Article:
Adverse events (AEs) were retrospectively collected from medical records and laboratory test results. All AEs were graded by using the National Cancer Institute Common Terminology Criteria for adverse events (NCI-CTCAE) version 4.0.
We analyzed treatment choices for the total cohort. Chi-square tests were used to compare the baseline characteristics of the two arms except for age. Student’s t-test was used to compare ages in the two arms. The Kaplan-Meier method was used to estimate PFS and OS and compared using a Log rank test. By adjusting the Cox proportional hazards model of the two arms, the hazard ratios (HRs) with two-sided 95% confidence interval (CIs) were calculated. Exploratory analyses were performed with the Log rank test using the following variables: age, menopausal status, number of metastatic sites (1–2 vs ≥3), disease-free interval (DFI), visceral metastases, lines of ET, endocrine sensitivity (primary vs secondary), and lines of chemotherapy. Multiple metastatic sites were diagnosed if more than three metastatic sites were observed. Primary endocrine resistance was defined if a relapse occurred during the first 2 years of adjuvant ET, or a patient experienced disease progression within the first six months of first-line ET. Secondary endocrine resistance was defined as follows: a relapse during adjuvant ET after the first 2 years, or relapse within 12 months of completing adjuvant ET, or progress more than 6 months after initiating ET for MBC.13
To balance confounding factors, propensity score matching (PSM) was used for one-to-one nearest neighbor matching without replacement to match the cohort representing patients receiving either regimen. Variables shown as independent predictors of treatment outcome or were significantly different between the two groups were used for matching. Using a non-replaceable 1: 2 matching protocol (greedy matching algorithm), with a caliper width equal to 0.2 of the standard deviation of the logarithm of the propensity score.14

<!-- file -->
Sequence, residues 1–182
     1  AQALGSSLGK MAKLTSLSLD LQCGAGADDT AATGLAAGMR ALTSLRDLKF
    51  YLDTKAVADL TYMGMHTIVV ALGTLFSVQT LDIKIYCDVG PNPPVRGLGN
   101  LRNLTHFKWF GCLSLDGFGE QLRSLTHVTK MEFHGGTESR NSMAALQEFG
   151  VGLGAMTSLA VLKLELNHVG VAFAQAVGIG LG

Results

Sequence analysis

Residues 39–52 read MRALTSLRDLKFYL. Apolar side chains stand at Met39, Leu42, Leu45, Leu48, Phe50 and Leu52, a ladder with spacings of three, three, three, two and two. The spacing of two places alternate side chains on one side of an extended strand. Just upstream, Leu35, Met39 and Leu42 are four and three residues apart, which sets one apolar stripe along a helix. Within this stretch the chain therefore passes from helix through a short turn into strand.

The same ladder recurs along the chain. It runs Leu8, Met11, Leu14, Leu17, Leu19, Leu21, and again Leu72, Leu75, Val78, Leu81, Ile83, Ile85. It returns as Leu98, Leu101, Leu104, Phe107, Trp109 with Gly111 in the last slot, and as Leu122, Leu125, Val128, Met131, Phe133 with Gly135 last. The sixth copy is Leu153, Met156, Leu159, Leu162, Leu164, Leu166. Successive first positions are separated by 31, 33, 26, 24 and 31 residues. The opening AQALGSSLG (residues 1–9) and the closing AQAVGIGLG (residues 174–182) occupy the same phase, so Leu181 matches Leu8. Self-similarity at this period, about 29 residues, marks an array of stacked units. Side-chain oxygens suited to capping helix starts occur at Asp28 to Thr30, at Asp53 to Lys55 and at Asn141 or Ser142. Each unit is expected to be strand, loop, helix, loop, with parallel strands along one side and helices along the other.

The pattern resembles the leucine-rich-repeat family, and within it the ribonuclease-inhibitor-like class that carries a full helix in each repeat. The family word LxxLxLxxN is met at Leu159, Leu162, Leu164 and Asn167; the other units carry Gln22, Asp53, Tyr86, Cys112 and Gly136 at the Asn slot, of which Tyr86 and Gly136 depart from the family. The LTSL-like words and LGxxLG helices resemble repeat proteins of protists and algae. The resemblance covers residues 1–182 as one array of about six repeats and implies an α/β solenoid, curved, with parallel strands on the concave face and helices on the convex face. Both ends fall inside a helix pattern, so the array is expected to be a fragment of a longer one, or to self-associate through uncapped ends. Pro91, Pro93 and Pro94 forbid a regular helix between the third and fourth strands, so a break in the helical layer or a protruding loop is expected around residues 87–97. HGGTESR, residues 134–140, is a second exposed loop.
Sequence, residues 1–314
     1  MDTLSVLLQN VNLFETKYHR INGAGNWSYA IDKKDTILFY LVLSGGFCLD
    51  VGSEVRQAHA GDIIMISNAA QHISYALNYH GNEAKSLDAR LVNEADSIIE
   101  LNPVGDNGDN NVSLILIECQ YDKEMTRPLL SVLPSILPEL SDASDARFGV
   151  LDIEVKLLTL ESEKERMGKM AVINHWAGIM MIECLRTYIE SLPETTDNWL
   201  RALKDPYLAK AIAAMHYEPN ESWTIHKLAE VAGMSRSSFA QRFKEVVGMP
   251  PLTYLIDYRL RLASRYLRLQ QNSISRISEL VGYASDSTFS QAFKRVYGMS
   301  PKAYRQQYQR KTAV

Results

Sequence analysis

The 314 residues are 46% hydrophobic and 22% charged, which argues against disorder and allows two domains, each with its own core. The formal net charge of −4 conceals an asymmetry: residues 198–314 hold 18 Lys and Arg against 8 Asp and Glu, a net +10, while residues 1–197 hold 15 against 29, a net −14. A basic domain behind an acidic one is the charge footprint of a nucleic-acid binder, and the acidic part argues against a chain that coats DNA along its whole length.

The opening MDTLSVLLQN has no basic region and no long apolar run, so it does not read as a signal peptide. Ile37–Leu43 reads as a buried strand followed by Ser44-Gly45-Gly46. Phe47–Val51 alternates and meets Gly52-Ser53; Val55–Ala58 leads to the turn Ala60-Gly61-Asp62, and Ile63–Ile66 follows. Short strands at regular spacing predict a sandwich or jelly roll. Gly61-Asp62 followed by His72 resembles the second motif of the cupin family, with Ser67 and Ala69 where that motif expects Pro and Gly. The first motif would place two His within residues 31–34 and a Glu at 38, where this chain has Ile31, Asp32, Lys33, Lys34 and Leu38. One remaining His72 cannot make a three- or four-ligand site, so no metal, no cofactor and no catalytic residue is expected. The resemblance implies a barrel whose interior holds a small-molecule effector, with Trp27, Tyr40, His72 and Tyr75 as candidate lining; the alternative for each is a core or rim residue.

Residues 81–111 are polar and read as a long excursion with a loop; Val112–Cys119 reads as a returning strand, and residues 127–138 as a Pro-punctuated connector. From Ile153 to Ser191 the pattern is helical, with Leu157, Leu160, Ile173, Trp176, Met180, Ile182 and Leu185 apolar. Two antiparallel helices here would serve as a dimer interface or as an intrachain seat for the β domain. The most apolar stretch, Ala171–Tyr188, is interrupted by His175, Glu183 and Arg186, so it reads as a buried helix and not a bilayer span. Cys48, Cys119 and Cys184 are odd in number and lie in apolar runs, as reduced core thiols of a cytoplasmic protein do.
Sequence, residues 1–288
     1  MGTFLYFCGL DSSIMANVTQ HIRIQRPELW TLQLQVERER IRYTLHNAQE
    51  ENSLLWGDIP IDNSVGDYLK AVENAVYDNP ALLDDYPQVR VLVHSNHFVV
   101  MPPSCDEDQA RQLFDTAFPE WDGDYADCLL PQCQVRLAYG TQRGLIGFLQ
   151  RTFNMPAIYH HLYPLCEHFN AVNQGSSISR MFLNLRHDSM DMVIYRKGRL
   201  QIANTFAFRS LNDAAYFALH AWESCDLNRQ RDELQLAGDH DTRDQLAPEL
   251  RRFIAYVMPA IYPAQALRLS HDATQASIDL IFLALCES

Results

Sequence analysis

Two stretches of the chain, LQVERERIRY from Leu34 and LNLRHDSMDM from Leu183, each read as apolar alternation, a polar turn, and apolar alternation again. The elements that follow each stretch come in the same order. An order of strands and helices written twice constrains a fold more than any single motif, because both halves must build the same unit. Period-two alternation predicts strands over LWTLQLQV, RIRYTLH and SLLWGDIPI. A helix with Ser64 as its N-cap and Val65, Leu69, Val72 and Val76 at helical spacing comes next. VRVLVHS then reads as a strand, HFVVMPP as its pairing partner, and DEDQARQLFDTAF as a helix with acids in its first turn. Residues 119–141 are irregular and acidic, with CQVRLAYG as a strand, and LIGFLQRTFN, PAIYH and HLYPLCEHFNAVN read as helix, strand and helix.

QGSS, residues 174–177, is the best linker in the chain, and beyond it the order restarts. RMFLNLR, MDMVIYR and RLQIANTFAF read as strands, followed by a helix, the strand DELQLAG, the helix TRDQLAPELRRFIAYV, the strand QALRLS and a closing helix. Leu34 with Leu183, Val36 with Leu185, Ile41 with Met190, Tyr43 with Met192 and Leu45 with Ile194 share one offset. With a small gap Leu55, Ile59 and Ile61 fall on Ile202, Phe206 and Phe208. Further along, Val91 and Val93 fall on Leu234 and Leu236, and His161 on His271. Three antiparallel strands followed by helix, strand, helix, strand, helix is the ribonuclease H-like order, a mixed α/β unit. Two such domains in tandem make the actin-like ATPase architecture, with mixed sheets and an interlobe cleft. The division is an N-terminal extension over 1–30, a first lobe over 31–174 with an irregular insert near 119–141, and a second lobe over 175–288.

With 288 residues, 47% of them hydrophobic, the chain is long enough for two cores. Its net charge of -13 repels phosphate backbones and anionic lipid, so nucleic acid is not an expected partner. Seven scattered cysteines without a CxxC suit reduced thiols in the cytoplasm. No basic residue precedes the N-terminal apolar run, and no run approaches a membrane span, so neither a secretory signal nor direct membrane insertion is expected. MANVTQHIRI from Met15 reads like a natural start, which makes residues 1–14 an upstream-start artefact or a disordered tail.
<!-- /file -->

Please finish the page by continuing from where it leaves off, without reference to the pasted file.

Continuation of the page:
The Chi-square test was used to compare AEs in the two arms. The software SPSS 22.0 (IBM Corporation, Armonk, New York, the US) was used for data analysis. P values less than 0.05 were considered significant.
Between June 2013 and June 2016, 168 eligible patients were included in this analysis. Among the 168 patients, 124 (73.8%) were treated with FUL, while 44 (26.2%) patients received EVE-EXE. Baseline characteristics were shown in Table 1. Patients who received EVE-EXE were younger than those treated with FUL (respectively, median 53.4 vs 58.1 years, P=0.013). Besides, more multiple metastatic sites were observed in the EVE-EXE group compared to the FUL group (61.4% vs 32.3%, P=0.002). Also, the percentages of patients who had visceral or liver metastases and experienced more later-lines of chemotherapy were higher in the EVE-EXE group than the FUL group.
Table 1 Baseline Characteristics of Patients, According to Treatment Choices
Considering the differences in patients’ baseline characteristics between the two groups, PSM was performed to balance baseline characteristics. Five variables were selected for PSM by the aforementioned criteria; the variables included age, lines of metastatic chemotherapy, number of metastatic sites, visceral metastasis, and liver metastasis. With the use of PSM, 88 patients treated with FUL were matched with 44 patients who received EVE-EXE. After matching, the characteristics were well balanced between the two groups. Baseline characteristics after matching were listed in Table 2.
Table 2 Baseline Characteristics After Propensity-Score Matching